© 2005-2012 American Society of Clinical Oncology (ASCO). All rights reserved worldwide.
A study in Germany showed that it is possible for local community hospitals to test non-small cell lung cancer (NSCLC) for molecular factors involved in the cancer. This means that a greater number of patients will have access to these tests. These molecular factors can be genes, proteins, or features of the tissue environment that contribute to cancer growth and survival. The results of tests for molecular factors often determine whether targeted therapy is a treatment option. Targeted therapy is a treatment that targets the molecular factors involved in cancer growth.
For NSCLC, targeted therapies include erlotinib (Tarceva), which targets epidermal growth factor receptor-1 (EGFR1), and crizotinib (Xalkori), which targets changes in the ALK gene. In addition, there are other molecular factors associated with NSCLC, including the KRAS and BRAF genes. Until recently, testing for these factors was still being studied and only available in academic medical centers, making it challenging for patients at community treatment centers to have access to these tests.
For this study, researchers set up a molecular screening network that included non-academic community hospitals in Germany. In these hospitals, 77% of the lung tumor samples removed during a biopsy (removal of a small amount of tissue for examination under a microscope) were sent to a central laboratory to look for the molecular factors involved in NSCLC growth. Overall, 40% of these samples had molecular changes that could be treated with the targeted therapies discussed above. For the patients with NSCLC, all of those with an ALK mutation (change) who were able to take crizotinib received the drug, and three-quarters of those with EGFR changes received drugs targeting EGFR, such as erlotinib.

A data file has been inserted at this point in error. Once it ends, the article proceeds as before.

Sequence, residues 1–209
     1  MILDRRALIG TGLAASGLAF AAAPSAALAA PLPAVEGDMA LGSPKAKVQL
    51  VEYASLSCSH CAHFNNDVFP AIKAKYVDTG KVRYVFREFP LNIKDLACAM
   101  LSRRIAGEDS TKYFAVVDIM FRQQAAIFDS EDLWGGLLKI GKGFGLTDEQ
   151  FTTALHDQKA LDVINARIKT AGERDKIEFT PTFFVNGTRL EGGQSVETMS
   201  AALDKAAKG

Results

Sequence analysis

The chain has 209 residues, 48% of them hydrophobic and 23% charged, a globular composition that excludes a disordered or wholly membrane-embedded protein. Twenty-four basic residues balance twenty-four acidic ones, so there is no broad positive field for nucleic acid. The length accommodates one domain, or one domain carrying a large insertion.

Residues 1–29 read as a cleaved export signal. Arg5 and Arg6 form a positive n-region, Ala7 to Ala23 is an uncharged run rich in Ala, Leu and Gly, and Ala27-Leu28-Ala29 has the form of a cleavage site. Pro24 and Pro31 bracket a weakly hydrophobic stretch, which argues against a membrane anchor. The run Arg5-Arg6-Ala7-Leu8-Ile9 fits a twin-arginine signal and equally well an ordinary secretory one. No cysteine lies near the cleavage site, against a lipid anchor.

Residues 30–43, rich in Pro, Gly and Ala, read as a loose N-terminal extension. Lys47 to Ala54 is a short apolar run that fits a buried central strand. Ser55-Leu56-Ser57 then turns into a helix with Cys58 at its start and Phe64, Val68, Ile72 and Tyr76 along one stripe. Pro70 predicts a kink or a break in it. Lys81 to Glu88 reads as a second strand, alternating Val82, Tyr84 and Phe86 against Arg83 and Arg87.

What this means for patients
"Several of the most effective drugs used to treat advanced non-small cell lung cancer are only effective for patients whose tumors have specific molecular features," explained lead author Thomas Zander, MD, of the University Hospital in Cologne, Germany. "Because of advances in molecular testing and the ease of doing this testing in many laboratories, our research shows that state-of-the-art personalized medicine is possible in community hospitals and not just in advanced academic medical centers." According to Dr. Zander, testing helps identify the patients most likely to benefit from certain drugs and those that may not be helped by the drug so that these patients can be spared the cost and side effects of drugs that are unlikely to be effective.
Questions to Ask Your Doctor
- What type of lung cancer do I have? What does this mean?
- Will testing be done to determine the molecular factors involved in my cancer? Where will testing be done?
- How will the results affect my treatment options?
- What are my treatment options?
- What treatment plan do you recommend? Why?
For More Information